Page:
The BRICs (Brazil, Mexico, India, China) and Mexico have never been US allies. In case you don’t know, our best allies are the UK, Canada, Australia, and Israel. IBM is moving a lot of jobs to Argentina too, but during the 1982 UK-versus-Argentina Falkland Islands war, the USA gave logistical support to the UK. (And we will probably do so again if Argentina tries capture the Falklands once more.)

Will the Chinese use the industrial capacity that we have transferred to them to build an army big enough to recapture Taiwan? Will the Mexicans use all of the auto plants that we have sent to them to build tanks to recapture the vast territory that we captured in 1848? Will NAFTA eventually make Aztlán a reality? The precedent for such events has already been established in BRIC-nation Russia’s recapture of territory from US ally, Georgia.

Free-trade has been a crushing blow to the US economy. Perhaps the invisible hand will direct some business our way soon, but as we see from the policies of our own corporations, things don’t look promising. Corporate America would create jobs in the USA again given appropriate trade- and immigration policies. I say, change the policies. Sacrificing our prosperity for the good of the global economy may sound noble, but in reality such a policy is actually treasonous.

If the cities of Guadalajara and Detroit had to field armies and meet in battle, who would win?

Friday’s Trading – 1/15/10

The futures popped and flopped after Intel’s earnings-report beat after the bell on Thursday. That’s not the sort of reaction that you want to see if you are a bull. It’s usually not a good sign if the market fails to go up on good news.

This morning on CNBC, Steve Liesman “reported” that the Census would not be substantially contributing to jobs until April. But you read it here first six days ago.

Thursday’s Trading – 1/14/10

DIA and IWM have closed their Tuesday down-gaps. However, while SPY, QQQQ, and XLF were able to rally up-and-over their gaps, they weren’t able to close the deal. They sold-off before the bell and closed under their gaps. So, we still have a mixed picture as to whether or not Tuesday’s jolt was only a one-day affair. NASDAQ-100 breadth Wednesday was +84, which is a very strong reading, and the Q’s still couldn’t close their gap, so that looks bearish to me. But the oversold RSI(2) on the QQQQ daily chart that I mentioned yesterday worked like a charm, did it not? The fate of he Q’s may be in the hands of Intel, which reports after the bell.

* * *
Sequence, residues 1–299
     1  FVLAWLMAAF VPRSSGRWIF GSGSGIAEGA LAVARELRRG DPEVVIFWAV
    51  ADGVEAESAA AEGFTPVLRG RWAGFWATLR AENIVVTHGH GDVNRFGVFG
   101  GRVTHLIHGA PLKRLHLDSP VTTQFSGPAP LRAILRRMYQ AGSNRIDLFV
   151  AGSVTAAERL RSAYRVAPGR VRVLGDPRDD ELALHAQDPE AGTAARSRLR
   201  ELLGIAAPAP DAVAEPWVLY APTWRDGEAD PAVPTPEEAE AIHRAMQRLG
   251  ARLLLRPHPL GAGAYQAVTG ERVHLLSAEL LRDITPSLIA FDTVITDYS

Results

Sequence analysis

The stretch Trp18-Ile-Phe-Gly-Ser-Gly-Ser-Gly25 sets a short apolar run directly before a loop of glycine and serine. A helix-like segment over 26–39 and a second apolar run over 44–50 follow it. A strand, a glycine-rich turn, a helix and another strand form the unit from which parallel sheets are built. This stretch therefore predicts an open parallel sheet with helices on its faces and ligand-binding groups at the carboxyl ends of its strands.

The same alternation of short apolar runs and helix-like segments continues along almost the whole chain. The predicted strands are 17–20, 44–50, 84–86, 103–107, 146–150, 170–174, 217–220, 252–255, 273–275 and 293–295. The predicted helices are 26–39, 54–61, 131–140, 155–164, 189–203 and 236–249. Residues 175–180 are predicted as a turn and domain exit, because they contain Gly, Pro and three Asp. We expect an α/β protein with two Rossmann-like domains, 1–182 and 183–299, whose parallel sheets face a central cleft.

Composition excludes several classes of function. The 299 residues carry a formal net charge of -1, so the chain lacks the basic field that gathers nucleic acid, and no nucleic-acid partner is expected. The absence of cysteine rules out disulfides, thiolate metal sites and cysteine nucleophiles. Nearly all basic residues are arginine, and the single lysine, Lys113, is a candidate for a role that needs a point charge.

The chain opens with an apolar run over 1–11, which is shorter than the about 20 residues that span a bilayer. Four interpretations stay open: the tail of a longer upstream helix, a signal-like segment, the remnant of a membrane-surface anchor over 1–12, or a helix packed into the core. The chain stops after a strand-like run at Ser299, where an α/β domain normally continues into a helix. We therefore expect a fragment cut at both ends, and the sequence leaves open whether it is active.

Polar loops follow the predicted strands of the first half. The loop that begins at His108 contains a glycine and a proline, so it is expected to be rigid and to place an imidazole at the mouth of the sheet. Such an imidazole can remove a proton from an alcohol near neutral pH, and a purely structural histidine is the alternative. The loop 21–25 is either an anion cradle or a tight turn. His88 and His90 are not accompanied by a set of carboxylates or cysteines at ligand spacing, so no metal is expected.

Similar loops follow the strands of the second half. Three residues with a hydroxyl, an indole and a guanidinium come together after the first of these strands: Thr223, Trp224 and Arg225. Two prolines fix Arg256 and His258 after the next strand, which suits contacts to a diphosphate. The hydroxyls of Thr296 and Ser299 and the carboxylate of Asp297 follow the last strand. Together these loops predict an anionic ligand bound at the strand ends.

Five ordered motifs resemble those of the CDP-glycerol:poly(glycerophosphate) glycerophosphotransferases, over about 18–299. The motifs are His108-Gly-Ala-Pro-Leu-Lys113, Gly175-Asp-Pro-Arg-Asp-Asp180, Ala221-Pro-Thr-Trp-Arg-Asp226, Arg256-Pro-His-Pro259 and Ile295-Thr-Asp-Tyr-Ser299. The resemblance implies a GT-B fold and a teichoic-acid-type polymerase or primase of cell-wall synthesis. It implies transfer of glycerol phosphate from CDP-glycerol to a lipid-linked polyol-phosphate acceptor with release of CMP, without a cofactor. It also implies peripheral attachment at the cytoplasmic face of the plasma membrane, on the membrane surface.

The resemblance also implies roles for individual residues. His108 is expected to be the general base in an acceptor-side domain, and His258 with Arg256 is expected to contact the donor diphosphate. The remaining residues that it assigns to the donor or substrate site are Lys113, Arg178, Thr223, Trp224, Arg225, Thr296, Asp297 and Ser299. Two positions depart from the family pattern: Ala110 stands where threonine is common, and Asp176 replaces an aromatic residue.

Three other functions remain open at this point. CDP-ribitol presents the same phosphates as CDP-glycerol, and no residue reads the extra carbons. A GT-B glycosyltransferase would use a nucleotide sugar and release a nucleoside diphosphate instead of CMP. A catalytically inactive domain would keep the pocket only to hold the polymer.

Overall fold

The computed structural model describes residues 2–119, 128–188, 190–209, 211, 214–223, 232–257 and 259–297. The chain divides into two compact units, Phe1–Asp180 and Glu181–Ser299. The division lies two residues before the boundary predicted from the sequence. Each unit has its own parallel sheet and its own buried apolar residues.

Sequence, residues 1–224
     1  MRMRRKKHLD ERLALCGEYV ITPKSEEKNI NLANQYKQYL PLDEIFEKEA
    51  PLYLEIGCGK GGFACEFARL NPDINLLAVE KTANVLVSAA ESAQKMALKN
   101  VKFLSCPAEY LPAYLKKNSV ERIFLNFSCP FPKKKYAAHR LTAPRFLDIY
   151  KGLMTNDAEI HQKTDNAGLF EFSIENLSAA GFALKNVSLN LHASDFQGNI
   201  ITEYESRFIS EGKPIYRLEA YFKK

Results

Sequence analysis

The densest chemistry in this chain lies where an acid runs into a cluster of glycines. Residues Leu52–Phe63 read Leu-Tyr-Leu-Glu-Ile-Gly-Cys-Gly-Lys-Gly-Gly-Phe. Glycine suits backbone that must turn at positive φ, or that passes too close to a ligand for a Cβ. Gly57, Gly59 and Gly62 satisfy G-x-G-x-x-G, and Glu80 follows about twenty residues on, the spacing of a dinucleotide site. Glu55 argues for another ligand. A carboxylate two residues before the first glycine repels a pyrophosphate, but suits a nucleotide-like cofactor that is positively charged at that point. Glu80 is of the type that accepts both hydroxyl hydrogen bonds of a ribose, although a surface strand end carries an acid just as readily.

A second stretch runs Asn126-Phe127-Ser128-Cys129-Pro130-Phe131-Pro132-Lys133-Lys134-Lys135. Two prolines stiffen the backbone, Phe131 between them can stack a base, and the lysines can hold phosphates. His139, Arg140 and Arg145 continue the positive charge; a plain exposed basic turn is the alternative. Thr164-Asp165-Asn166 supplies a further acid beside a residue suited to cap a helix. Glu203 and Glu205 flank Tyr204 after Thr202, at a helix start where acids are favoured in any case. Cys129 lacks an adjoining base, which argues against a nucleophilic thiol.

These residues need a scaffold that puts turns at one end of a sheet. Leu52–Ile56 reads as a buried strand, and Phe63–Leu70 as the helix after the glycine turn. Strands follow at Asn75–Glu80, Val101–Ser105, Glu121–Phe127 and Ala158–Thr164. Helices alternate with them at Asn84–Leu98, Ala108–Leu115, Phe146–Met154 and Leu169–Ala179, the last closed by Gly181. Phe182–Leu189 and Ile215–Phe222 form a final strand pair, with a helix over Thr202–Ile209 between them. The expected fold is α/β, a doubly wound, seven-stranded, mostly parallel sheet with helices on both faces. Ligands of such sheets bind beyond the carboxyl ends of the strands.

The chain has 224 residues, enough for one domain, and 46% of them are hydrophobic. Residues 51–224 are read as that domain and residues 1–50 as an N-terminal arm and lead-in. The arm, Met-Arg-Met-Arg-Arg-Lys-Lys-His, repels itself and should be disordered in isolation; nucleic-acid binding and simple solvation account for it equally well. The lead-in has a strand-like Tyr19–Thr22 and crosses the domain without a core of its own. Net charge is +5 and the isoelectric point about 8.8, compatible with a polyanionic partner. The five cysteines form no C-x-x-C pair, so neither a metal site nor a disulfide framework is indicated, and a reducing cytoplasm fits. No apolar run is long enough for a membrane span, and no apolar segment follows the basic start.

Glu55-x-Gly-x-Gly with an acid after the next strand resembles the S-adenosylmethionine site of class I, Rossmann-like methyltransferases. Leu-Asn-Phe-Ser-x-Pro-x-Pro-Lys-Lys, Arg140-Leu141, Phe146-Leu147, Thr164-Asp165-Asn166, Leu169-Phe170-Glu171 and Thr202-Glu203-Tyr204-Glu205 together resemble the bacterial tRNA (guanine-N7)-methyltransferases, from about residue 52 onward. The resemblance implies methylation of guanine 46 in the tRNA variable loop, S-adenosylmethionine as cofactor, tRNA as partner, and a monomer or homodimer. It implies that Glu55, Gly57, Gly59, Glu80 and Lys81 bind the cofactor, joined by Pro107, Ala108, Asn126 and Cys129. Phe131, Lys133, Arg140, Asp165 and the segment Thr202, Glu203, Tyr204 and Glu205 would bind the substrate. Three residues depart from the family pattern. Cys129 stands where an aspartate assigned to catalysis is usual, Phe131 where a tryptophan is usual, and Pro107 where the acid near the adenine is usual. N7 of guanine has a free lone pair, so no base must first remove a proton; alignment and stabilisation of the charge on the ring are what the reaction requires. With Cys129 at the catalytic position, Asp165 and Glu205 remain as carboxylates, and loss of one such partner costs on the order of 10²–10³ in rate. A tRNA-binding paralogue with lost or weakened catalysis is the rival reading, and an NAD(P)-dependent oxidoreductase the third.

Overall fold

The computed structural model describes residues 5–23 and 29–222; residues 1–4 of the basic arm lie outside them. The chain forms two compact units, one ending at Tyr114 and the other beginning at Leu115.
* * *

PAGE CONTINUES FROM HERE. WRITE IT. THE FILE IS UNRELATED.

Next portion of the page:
Port-au-Prince has been flattened. “Cries from victims entombed beneath concrete debris pierced the air of seemingly every street…” reports the Wall Street Journal. Can you imagine that? The WSJ has a harrowing slide-show here.

Wednesday’s Trading – 1/13/10

For the bears: None of the top ETF’s that I follow (SPY, QQQQ, IWM, XLF, DIA, IYT, XME, SMH, EEM) were able to close their down-gaps Tuesday. It’s been a while since we’ve seen a synchronized sell-off like that, and it is a bearish indicator because it demonstrates a lack of sector-rotation.

For the bulls: The RSI(2) on the QQQQ daily chart is at an oversold level that has been producing bounces recently.

Redonkulous: My bank just moved to a new building, which is plastered with signs that read “Bank Solid”. They also have video screens now where they show stupid news about celebrities, stock quotes of the Dow-30, more “Bank Solid” messages, and dumb advice. The screen told me: “Eat Your Vegetables. Eat Solid. Bank Solid.” I’m not making this up. The ironic part is that I did not require any assistance from the government to survive the recession. I did not require any TARP funds like my bank. If I were them, I wouldn’t be lecturing people on how to “be solid.”

IWM Fractal End-of-Trend Signal

In addition to the extreme Vix level discussed in the prior post, an additional headwind for the market here is that the IWM is in end-of-trend territory on the Fractal Dimension Index. Take a look at this daily chart (click to enlarge):

Notice that the FDI is down to a level now (black arrow) where the July rally ended (blue arrows). So, the small caps are likely to consolidate or pullback in the near future. Other sectors with similar, low FDI readings are: XME, XBI, XLE, and JNK.